Also on January 23, 2011, Plaintiff wrote letters to Defendants Pacific Orthopedic, Defendant Alade, Defendant Clark and Defendant Macias about the lack of assistive devices and his developing infection. Plaintiff contends these Defendants were aware of his improper medical care and ignored his letters

On January 24, 2011, the second and third watch L.V.N.s refused to change Plaintiff's bandages without a doctor's order, and refused to send Plaintiff to the prison hospital. These L.V.N.s also refused to give Plaintiff new bandage material.

On January 25 and 26, 2011, Plaintiff saw Defendant Ceballo. He did not have his

wheelchair and walker. Defendant Ceballo changed Plaintiff's dirty bandage and said that the drainage was normal. Defendant Ceballo also said that she would check on the wheelchair.

On January 26, 2011, Defendants Rios and Torres escorted Plaintiff back to his housing unit after medical appointments. Plaintiff fell down, hurt both knees and dirtied the just-changed bandage. Defendants Rios and Torres refused to take Plaintiff back to the clinic because they were too busy.

Plaintiff then asked the second and third watch L.V.N.s to change his bandage, and they refused. They told Plaintiff that it had already been changed and it was not their job to change it. The L.V.N.s would not give Plaintiff bandage material.

On the evening of January 26, 2011, Plaintiff submitted a new request for medical treatment. On January 27, 2011, Defendant Barbolla came to Plaintiff's cell to examine Plaintiff's cell mate. Plaintiff asked her about the wheelchair and she said that he didn't need one. Defendant Barbolla told Plaintiff that if he did need one, he could use the one in the unit.

On January 28, 2011, Plaintiff was again escorted to the clinic without a wheelchair or walker because the unit wheelchair could not be located. Plaintiff saw Defendant Anderson, who changed Plaintiff's bandage and told him that the drainage was not normal. She did not, however, order the L.V.N.s to change his bandages when needed and did not send him to see a doctor.

From January 28, 2011, through February 1, 2011, Plaintiff requested assistance from every L.V.N. who came to his cell door and each refused to help change Plaintiff's bandage without a doctor's order. On January 30, 2011, Plaintiff's leg was swollen from the knee down and the assigned L.V.N. listened to his complaints but left the building without providing assistance.

On January 31, 2011, Plaintiff saw Dr. Galt in the clinic. Dr. Galt removed the two remaining stitches, ordered the wheelchair extended, ordered that the bandage be changed daily and ordered antibiotics. The third watch L.V.N. then refused to change his bandage, stating that the nurse should do it so she could see how his leg was doing.

On February 2, 2011, Plaintiff was examined against by Defendant Holt. Defendant Holt had a doctor look at Plaintiff's knee and he was taken to the prison hospital emergency room. Plaintiff was seen by Dr. Moon, who wanted to admit Plaintiff for IV treatment, but Plaintiff refused.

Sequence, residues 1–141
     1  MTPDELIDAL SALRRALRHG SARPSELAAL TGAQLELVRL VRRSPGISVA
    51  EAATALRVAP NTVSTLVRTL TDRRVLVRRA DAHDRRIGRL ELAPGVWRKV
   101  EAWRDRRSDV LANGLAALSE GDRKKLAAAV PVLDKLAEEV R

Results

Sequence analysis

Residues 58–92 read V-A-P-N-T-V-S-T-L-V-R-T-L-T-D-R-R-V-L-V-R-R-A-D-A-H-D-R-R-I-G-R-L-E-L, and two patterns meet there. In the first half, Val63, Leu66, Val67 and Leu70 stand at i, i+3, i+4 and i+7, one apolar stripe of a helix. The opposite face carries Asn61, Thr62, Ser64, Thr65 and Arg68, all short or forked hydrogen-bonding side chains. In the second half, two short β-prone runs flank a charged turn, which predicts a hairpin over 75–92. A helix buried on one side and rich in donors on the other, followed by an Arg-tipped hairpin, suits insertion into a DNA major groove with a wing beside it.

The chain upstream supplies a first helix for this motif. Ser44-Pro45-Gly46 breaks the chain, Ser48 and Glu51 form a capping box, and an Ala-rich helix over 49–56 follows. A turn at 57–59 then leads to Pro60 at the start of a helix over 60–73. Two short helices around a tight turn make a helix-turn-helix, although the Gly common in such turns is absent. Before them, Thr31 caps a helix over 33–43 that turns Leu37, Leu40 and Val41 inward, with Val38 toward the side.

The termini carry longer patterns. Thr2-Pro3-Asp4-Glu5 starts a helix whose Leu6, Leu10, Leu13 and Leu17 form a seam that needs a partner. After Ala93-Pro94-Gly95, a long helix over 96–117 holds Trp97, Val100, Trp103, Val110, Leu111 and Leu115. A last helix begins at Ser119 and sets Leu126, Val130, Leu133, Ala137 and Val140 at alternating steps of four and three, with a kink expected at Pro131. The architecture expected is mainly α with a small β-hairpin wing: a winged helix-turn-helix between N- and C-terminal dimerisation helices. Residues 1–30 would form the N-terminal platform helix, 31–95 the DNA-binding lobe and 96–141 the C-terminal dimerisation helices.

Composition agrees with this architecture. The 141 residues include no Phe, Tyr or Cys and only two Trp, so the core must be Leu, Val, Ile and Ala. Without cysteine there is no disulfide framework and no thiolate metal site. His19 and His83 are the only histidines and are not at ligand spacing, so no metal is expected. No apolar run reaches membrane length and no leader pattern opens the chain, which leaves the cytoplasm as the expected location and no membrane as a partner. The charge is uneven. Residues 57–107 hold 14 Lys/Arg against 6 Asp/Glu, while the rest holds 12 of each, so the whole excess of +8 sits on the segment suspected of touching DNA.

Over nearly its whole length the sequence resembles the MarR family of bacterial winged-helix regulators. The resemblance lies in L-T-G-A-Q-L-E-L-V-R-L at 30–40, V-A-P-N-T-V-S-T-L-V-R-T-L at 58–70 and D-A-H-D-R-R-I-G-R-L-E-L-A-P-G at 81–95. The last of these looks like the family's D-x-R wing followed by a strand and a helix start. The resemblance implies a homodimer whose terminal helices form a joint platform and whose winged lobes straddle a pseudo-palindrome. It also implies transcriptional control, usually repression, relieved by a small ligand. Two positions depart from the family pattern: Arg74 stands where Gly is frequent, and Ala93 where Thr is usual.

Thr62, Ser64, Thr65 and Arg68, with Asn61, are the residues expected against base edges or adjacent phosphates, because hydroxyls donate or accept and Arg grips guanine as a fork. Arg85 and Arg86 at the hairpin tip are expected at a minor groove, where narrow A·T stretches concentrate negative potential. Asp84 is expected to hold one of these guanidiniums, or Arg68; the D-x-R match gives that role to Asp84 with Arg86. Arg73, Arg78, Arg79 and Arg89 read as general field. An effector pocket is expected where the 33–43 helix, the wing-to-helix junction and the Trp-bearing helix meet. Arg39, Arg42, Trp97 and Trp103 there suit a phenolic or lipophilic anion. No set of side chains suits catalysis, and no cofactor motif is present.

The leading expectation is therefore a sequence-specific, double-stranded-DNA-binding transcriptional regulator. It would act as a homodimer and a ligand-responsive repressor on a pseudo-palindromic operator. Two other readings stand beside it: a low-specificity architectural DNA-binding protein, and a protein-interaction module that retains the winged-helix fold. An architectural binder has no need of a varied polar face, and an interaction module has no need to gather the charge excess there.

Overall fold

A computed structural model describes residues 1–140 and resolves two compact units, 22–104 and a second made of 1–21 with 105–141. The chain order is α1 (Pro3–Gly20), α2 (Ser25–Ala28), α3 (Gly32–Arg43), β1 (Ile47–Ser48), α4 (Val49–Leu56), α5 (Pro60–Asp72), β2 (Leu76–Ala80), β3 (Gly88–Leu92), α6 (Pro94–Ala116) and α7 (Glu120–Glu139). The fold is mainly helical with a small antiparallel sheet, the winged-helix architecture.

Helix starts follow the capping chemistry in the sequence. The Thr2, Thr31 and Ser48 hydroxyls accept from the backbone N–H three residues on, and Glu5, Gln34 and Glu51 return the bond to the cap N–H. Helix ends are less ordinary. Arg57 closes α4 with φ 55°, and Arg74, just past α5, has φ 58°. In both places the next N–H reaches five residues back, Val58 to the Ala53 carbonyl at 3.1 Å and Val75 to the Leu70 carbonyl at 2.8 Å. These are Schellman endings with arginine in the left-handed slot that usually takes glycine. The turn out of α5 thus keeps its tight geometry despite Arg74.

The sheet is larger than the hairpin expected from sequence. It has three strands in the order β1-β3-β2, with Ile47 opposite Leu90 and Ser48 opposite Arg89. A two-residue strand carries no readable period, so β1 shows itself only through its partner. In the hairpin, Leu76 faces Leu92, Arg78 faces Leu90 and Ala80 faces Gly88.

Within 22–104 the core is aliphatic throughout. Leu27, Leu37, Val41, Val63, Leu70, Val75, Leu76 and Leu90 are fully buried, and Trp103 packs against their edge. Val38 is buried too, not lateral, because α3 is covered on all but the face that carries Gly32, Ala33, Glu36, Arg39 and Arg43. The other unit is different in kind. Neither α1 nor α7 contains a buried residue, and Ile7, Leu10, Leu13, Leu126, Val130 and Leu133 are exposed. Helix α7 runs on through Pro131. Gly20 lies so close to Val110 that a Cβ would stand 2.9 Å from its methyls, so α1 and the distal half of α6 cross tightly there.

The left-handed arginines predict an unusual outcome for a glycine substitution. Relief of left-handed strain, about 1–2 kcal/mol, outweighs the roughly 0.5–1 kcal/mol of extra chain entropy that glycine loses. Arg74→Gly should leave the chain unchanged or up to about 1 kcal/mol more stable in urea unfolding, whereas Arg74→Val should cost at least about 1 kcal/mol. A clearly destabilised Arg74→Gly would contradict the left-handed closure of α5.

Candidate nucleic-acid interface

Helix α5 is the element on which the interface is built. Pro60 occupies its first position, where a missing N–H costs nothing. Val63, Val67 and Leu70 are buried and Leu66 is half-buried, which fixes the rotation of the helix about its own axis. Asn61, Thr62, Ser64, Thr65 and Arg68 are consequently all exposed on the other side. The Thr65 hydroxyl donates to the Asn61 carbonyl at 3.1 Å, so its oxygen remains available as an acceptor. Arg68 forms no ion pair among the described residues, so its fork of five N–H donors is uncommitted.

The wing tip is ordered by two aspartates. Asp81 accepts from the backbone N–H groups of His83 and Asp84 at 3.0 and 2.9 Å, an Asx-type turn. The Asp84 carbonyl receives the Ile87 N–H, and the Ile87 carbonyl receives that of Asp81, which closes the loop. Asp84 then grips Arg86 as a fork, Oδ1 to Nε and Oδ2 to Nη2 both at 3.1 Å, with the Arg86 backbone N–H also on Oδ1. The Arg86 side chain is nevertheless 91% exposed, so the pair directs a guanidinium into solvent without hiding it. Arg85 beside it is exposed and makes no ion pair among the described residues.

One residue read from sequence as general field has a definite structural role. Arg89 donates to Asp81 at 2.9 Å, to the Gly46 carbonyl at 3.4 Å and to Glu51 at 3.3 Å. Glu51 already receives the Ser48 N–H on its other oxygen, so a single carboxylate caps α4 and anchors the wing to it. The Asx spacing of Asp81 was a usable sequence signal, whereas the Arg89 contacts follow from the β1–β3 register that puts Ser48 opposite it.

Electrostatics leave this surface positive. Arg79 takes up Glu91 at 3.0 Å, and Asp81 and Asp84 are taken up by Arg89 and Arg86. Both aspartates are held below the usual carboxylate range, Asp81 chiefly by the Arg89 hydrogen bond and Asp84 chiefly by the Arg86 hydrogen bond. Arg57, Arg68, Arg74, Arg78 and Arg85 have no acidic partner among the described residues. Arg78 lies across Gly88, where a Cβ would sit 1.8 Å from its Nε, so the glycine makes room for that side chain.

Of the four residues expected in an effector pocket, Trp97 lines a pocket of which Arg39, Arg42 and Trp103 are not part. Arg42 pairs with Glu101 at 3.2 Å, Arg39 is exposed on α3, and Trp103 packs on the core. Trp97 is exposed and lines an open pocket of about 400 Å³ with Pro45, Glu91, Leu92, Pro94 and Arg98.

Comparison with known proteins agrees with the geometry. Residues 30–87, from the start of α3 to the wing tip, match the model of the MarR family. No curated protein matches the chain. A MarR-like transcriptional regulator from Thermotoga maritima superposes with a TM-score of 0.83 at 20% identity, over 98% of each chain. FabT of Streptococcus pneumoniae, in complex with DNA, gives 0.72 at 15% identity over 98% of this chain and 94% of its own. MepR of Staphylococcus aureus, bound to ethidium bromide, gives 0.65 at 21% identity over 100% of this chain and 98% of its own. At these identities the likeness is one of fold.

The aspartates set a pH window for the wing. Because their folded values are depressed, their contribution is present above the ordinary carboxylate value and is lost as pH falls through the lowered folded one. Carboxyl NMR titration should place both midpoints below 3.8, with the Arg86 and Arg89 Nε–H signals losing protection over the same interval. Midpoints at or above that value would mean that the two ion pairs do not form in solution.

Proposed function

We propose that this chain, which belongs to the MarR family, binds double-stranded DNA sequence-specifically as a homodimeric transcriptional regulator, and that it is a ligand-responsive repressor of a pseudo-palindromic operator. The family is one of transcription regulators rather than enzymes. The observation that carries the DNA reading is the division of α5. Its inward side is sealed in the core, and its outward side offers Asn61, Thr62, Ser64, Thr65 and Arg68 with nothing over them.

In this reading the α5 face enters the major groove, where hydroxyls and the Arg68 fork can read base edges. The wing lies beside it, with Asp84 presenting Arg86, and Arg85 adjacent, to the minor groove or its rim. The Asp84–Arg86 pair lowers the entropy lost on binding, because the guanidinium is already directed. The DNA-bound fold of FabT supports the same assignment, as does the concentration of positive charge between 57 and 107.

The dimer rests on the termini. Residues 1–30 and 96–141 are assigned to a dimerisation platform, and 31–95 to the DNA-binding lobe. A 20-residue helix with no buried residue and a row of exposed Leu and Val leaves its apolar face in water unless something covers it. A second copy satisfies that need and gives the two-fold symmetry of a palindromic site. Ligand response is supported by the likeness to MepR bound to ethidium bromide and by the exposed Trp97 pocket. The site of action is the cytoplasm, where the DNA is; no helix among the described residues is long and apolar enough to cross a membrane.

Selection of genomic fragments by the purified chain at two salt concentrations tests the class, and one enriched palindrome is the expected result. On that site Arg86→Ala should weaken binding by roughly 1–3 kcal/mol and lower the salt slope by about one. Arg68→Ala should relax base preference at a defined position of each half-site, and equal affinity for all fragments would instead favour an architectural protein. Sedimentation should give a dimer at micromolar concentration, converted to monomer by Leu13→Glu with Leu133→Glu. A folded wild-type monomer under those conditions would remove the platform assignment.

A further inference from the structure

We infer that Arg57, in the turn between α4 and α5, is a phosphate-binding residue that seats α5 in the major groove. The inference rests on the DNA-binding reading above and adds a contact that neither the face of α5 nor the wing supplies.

On February 4, 2011, Plaintiff returned to the hospital and when Dr. Moon saw Plaintiff's knee, he was taken to San Joaquin Hospital and admitted. After testing, Plaintiff was diagnosed with MSSA, septic/emesis arthritis and mild anemia.

On February 11, 2011, Dr. Alade performed a second surgery to clean out the infection caused by "poor wound care." Instead of three small holes in his knee, Plaintiff now had a ten inch scar down the middle of his knee.

On February 19 and 20, 2011, Defendant Ross refused to change Plaintiff's bandage following the second surgery. The daily bandage change was ordered by Dr. Kim on February 17, 2011, when he was released from the prison hospital. Plaintiff alleges that an unknown L.V.N. also refused to change his bandages after the second surgery.

From February 24, 2011, to August 5, 2011, Plaintiff underwent painful physical therapy as he awaited a recommended third procedure on his left knee. Defendant Thiel denied the procedure on an unknown date.

Plaintiff further alleges that Defendants Thiel and Macias were in charge of supervising medical staff, training medical staff, and creating policy.

Based on these allegations, Plaintiff alleges (1) violation of the Eighth Amendment based on failure to protect by Defendants Pacific Orthopedic, Alade, Clark, Thiel, Macias, Holt, Ceballa, Anderson, Barbolla, Rios, Torres, Ross and Doe Defendants; (2) deliberate indifference to a serious medical need in violation of the Eighth Amendment against Defendants Pacific Orthopedic, Alade, Clark, Thiel, Macias, Barbolla, Holt, Ceballa, Anderson, Rios, Torres, Arbadia, Ross and Doe Defendants; (3) cruel and unusual punishment in violation of the Eighth Amendment against Defendants Pacific Orthopedic, Alade, Clark, Macias, Thiel, Holt, Ceballa, Anderson, Barbolla, Rios, Torres, Ross, Arbadia and Doe Defendants; and (4) negligence against Defendants Pacific Orthopedic, Alade, Clark, Thiel, Macias, Holt, Ceballa, Anderson, Barbolla, Arbadia, Ross, Rios, Torres and Doe Defendants.


1. Failure to ...